No justice in New Haven

Journalist Nicholas Dawidoff tells the tragic story of Bobby Johnson and his neighborhood on the poor, Black side of town. 

In The Other Side of Prospect, what first appears to be a straightforward case of a murder and wrongful conviction becomes the story of a forgotten community in a divided nation. Journalist Nicholas Dawidoff weaves together history and biography to trace the rise and fall of Newhallville, a formerly thriving middle-class neighborhood in New Haven, Connecticut, that is now beset with poverty and gun violence. In gripping prose, he shows that every tragedy has a hidden history, and he exposes the forces—from slavery to Jim Crow and mass incarceration—that have produced inequality and injustice in New Haven.

The book, the product of eight years of research and interviews, centers on the killing of Pete Fields during the summer of 2006. A retired grandfather and stalwart of the community, Fields grew up in Newhallville before doing well enough working in a factory to move his family to the suburbs. But he returned to the neighborhood regularly to visit friends and play cards. It was on such a visit that Fields was robbed and gunned down in his car.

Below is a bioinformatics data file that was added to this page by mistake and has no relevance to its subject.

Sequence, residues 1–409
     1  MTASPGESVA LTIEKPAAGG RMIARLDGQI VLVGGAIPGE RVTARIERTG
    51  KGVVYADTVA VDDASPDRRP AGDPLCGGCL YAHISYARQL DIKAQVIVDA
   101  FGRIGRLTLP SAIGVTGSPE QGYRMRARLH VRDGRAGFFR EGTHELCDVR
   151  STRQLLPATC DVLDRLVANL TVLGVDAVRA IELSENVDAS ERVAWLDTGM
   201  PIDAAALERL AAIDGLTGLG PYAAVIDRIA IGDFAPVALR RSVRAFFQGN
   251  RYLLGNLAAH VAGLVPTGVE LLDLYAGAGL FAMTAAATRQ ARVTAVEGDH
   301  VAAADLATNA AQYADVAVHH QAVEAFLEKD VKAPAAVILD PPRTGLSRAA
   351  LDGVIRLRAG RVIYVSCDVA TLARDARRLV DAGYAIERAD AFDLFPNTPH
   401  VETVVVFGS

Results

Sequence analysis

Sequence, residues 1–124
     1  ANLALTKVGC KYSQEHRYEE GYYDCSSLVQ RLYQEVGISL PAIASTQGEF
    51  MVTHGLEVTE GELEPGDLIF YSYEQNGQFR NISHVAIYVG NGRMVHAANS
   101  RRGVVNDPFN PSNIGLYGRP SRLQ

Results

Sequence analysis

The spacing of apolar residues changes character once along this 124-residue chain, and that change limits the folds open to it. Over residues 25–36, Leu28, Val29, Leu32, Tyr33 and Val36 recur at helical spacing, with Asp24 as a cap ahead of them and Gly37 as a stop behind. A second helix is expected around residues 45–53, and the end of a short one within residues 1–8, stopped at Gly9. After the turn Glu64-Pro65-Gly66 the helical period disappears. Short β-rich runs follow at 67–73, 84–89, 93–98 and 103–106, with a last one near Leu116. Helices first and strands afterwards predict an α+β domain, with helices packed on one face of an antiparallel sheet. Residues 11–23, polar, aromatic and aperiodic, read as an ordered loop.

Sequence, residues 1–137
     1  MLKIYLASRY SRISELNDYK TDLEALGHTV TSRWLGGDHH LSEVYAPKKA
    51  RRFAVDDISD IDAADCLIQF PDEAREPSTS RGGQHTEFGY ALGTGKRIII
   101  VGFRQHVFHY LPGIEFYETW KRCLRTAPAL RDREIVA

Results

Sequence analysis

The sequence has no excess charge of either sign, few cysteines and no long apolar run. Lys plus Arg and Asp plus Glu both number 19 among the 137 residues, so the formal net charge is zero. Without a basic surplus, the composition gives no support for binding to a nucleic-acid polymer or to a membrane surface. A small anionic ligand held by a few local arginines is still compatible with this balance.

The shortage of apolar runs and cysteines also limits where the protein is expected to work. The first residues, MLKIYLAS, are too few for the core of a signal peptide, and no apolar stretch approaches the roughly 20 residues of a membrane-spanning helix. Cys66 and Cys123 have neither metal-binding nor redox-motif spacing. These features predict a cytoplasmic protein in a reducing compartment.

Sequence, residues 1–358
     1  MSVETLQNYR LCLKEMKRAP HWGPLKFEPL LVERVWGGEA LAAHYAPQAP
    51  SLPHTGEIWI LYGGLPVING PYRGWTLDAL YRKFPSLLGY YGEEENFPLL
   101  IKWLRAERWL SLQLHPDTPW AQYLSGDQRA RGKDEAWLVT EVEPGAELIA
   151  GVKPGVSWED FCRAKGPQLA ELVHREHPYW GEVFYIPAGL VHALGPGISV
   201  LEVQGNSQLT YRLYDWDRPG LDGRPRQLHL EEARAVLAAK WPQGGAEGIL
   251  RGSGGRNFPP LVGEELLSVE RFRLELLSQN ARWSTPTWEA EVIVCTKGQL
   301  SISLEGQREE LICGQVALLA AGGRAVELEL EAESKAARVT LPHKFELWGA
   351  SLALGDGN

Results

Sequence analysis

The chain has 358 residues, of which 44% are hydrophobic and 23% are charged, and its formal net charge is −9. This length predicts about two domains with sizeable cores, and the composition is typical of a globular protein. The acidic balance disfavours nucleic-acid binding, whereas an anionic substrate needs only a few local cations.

The subsequent outcry put pressure on police to solve the case. Bobby Johnson, a 16-year-old known for hanging around a corner store close to the crime scene, became the primary suspect. Bobby, who was “unfinished enough as a person that older relatives thought of him as both unworldly and over-trusting,” was arrested even though he had an alibi and another local resident was a clear suspect. After a grueling interrogation, Bobby confessed to the crime, assured he would receive probation. Instead, he was given a 38-year sentence.